Money and financial issues are often a key source of conflict in a relationship. People with a saving personality may struggle dating someone with a spending personality. The debt each person carries, future financial plans and day-to-day priorities typically differ from person to person. Therefore, understanding what really matters when it comes to money and relationships is healthy on all accounts. Understanding one another’s habits and motivations can help you devise a better debt management plan to work on together.
Money And Relationships: Factors That Matter
Money can easily be a major reason for divorce. Arguments about money are usually longer and more intense than other issues. This is because financial stress can be extremely overwhelming and feel very personal. So what can you do to make matters easier when it comes to money and relationships?
- Credit – If your partner has bad credit, you can find yourselves facing mountains of debt. This presents a variety of challenges. It makes affording or qualifying for big purchases, such as a car or a house, difficult. Student loan debt relief can also play a key factor impacting your credit. Therefore, assessing each other’s financial situations in the relationship is crucial when trying to move forward together.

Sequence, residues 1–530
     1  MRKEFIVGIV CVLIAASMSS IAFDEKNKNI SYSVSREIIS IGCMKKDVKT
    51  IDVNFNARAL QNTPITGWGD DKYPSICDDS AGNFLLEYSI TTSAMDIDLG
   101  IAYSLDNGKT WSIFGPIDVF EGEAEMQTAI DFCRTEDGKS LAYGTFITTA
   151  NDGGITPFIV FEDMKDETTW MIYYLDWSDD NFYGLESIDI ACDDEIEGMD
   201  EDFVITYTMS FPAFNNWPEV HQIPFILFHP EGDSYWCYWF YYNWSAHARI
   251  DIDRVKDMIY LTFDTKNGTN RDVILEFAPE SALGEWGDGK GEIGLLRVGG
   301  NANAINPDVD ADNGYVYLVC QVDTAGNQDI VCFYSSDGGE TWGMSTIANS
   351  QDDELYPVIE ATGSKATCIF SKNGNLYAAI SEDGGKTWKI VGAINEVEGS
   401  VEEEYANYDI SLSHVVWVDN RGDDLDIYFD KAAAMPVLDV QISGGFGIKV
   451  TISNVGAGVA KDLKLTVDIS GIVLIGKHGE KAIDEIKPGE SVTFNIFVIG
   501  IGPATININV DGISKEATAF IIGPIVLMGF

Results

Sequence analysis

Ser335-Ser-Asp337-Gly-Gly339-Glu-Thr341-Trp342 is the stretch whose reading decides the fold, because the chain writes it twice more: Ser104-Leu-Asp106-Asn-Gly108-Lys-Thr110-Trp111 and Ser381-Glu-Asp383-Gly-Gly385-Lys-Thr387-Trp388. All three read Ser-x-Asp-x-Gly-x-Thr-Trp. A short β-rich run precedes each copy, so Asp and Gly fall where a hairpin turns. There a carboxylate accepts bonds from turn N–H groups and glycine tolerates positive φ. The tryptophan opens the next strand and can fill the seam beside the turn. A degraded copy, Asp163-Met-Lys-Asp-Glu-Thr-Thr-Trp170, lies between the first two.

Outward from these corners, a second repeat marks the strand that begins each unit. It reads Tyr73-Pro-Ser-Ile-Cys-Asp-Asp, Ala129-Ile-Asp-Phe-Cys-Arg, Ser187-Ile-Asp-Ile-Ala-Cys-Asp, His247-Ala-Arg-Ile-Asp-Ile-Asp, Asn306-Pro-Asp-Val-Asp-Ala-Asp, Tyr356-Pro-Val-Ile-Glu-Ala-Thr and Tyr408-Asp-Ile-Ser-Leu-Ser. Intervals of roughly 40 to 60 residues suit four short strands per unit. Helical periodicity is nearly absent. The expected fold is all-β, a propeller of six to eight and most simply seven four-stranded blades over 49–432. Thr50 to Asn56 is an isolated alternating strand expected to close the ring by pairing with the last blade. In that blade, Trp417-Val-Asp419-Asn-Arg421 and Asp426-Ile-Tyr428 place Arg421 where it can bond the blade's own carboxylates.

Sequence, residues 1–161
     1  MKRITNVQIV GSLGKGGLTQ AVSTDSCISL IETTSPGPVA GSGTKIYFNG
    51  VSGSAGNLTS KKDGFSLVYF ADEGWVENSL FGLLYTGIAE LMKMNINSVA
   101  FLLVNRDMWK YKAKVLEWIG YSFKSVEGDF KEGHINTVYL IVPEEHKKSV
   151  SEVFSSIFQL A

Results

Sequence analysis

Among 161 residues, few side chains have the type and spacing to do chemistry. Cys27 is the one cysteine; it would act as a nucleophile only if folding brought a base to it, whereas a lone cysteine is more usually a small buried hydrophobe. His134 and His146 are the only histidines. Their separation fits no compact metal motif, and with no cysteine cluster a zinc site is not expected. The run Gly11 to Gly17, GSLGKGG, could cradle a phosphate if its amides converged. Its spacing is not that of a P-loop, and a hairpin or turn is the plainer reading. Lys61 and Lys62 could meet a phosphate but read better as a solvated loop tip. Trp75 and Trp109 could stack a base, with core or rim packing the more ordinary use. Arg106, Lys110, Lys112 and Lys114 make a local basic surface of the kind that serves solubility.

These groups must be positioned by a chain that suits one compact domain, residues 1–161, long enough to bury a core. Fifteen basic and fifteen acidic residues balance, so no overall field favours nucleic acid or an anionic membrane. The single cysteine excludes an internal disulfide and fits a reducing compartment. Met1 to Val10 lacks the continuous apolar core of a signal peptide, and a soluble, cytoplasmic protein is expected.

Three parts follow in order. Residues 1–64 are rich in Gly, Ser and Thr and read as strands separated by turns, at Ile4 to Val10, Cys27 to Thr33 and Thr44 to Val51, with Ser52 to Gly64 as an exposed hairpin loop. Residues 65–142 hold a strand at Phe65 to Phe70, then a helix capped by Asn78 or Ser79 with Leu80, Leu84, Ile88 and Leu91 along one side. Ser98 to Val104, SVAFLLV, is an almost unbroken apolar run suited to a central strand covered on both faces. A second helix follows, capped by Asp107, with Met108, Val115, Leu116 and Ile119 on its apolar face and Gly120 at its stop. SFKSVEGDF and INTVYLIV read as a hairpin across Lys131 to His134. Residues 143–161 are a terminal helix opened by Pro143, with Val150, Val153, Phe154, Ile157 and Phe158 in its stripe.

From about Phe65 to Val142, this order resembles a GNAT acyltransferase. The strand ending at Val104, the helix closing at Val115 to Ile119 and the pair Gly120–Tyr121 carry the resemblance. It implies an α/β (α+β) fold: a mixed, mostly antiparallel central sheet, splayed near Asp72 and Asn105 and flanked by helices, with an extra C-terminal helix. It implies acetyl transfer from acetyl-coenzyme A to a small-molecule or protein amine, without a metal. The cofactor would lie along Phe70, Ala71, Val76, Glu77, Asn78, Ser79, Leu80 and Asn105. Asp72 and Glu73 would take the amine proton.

- Money Management – Couples with good money management skills know how to live within their means. A budget created by a couple, not just an individual, is key to making a good foundation when it comes to money and relationships. By ensuring you have a comfortable budget, couples can reduce arguments related to finances. Clear definition on budget categories avoids ambiguity and confusion. Working together on your finances can result in successfully tackling financial goals, like lowering credit card debt.
- Financial Beliefs – When it comes to money, everyone’s beliefs are different. Often times each person’s financial beliefs can differ depending on their family backgrounds and socioeconomic histories. For some, money shows status is most important; others believe using money as a sense of security is best. When in a relationship, it’s important that couples regularly discuss their financial beliefs so that they are on the same page when it comes to budgeting, spending, and other financial issues that invariably arise.
If you are struggling with how to reduce credit card debt speak with a certified credit counselor at American Consumer Credit Counseling today by calling 800-769-3571.